Review Summary: More drums; more bells.
Chasing a successful and critically-acclaimed album with an EP of cuts that were left out from the initial release can be a double-edged sword, particularly if you’re in the business of making ambient, mood-driven music. Unlike in, say, indie rock, where abandoned cuts from the original recording sessions tend to make for interesting and even stimulating codas, in a realm such as Brian Eno’s – where the appearance of being in absolute control of the record’s trajectory needs to be upheld – release a collection of rejects and nine times out of ten, it'll sound like a collection of rejects. That’s never a good way to release a studio effort – yet it is in such waters that Panic of Looking
now finds itself.
But trust a wily old fox like Eno to be thoroughly cognizant of such circumstances and – more importantly – the surest method for their circumvention. In fact, it isn’t hard to imagine a scenario in which the composer cannily decided to exclude these six tracks from Drums between the Bells
because he was well aware that he would have the opportunity to come back to them later. Much of this latent versatility is due to the unique talents of Eno’s latest accomplice: in the poet Rick Holland, Eno had picked, as only he can, a collaborator whose work would always remain vital and current, even if its accompanying atmospherics were rarely to rise above the extemporaneous.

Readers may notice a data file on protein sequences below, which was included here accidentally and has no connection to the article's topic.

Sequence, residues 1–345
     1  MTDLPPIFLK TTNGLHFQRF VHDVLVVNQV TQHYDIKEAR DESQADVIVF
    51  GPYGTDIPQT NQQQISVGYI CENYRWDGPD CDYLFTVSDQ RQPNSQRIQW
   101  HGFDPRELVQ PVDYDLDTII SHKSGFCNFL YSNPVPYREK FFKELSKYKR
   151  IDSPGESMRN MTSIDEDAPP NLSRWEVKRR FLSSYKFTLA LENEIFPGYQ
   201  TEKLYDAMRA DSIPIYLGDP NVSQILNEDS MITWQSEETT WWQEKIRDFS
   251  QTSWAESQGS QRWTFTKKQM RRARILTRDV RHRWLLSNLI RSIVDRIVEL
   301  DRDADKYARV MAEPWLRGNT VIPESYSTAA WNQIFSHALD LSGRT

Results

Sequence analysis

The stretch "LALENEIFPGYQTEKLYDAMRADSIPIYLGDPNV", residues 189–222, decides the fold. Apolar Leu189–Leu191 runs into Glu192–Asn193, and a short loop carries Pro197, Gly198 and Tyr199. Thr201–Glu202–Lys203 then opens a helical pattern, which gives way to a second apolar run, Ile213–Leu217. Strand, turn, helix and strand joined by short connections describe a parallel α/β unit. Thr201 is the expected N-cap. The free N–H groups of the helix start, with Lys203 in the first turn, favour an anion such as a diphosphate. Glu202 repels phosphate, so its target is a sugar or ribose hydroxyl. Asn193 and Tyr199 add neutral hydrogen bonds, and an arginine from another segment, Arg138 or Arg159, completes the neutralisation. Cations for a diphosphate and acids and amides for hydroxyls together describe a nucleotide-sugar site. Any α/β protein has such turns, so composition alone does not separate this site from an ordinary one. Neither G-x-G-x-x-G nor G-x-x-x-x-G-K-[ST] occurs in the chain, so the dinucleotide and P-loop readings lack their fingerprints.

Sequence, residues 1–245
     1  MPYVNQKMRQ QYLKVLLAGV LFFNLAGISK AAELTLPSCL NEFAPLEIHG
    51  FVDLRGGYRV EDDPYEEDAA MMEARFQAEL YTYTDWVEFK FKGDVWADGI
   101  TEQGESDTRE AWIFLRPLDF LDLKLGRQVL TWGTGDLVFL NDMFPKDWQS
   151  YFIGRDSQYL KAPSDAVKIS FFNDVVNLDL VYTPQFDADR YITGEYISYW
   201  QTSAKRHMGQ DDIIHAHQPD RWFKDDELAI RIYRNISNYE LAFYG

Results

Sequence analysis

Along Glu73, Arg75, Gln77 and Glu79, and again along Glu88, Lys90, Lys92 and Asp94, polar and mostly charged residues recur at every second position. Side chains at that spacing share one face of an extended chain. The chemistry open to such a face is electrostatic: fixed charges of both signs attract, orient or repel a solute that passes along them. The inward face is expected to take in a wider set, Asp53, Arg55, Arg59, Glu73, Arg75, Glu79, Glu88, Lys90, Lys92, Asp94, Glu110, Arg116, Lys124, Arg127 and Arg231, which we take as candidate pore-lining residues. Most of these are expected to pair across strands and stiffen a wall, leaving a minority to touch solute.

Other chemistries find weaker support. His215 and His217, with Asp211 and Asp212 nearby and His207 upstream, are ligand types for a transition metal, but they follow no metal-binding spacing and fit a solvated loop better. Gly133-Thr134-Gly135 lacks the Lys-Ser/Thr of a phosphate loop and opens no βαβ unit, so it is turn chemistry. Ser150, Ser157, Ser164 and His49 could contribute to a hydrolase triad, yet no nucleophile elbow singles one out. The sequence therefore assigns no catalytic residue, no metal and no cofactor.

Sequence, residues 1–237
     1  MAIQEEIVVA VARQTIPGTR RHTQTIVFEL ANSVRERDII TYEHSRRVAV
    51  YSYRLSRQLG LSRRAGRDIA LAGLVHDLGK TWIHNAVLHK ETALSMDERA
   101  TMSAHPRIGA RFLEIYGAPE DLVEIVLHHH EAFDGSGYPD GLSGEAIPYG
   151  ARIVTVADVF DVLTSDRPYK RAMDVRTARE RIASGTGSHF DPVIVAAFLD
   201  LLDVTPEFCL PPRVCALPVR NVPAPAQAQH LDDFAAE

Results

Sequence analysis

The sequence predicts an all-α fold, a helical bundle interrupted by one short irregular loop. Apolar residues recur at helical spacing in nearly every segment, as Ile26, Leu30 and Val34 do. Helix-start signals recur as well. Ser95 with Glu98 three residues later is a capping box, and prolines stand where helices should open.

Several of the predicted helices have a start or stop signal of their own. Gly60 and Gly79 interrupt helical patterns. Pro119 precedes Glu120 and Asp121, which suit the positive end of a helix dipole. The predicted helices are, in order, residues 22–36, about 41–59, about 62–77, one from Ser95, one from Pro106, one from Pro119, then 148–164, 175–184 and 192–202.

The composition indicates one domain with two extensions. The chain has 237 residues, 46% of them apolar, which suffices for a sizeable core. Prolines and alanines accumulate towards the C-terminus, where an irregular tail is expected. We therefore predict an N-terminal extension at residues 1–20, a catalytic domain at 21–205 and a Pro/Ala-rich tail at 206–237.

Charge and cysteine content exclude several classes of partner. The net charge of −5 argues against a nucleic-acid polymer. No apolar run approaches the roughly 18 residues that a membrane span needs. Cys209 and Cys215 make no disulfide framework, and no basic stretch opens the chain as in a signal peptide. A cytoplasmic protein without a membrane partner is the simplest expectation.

When artistic appointments are made through lenses tinted with such shrewd calculus, an inevitable failsafe is pitched squarely on the horizon. Take the EP’s opening track “In The Future” for example: Holland’s verses find themselves sitting precariously above sparse – even hollow – programming for over half of the song’s duration, but when the backing choir steps in, urgently pressing listeners to go “Beyond steel and glass…to the solace of grass
”, it isn’t so much Eno’s masterful electronic builds that gets pulses racing, but rather his collaborator’s jarringly introspective verses. Similarly, closer “West Bay” rides minimalistic and mournful piano chords and an artificial sea swell, with Holland’s writing driving home the track's message of bleak abandonment and sad solitude.
That’s not to say Eno is being a slouch by any means, though. On the title track, the composer conjures up a psychedelic groove that is at once oddly reminiscent of both A Saucerful of Secrets
-era Floyd before purposefully guiding it through an ambient filter. Here, the song’s heavy-handed lyrical delivery is deliberately nudged to the fore, leaving in its wake a musical piece that is almost eerie in its skittering, thoughtful quality. Elsewhere, "If These Footsteps" marries some of Eno’s trademark trippy swells to a series of guttural, Nine Inch Nails-esque industrial beats, with Holland’s lyrics strangely – but fittingly – muffled on account of some faceless huffing and puffing in the background.
With Eno being the proverbial rolling stone that he is, the Panic of Looking
EP will undoubtedly be the final release from this charming collaboration – at least for a while. While all bets are obviously off as to each artist’s next endeavor post-separation, it’s extraordinary to note that by some freak of cosmic justice, the collaboration’s biggest source of newly added value this time around is the very fact that it's over.